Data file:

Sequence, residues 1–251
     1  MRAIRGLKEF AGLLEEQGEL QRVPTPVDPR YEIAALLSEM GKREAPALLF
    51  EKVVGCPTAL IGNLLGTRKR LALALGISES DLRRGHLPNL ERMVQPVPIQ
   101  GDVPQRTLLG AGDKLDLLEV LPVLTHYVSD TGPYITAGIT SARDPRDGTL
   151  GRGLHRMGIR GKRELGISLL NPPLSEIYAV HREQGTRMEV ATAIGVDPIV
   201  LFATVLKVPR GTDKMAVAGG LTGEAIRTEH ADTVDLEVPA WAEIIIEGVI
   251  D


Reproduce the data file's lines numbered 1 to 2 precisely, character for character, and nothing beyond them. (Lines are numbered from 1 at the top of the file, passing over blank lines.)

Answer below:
Sequence, residues 1–251
     1  MRAIRGLKEF AGLLEEQGEL QRVPTPVDPR YEIAALLSEM GKREAPALLF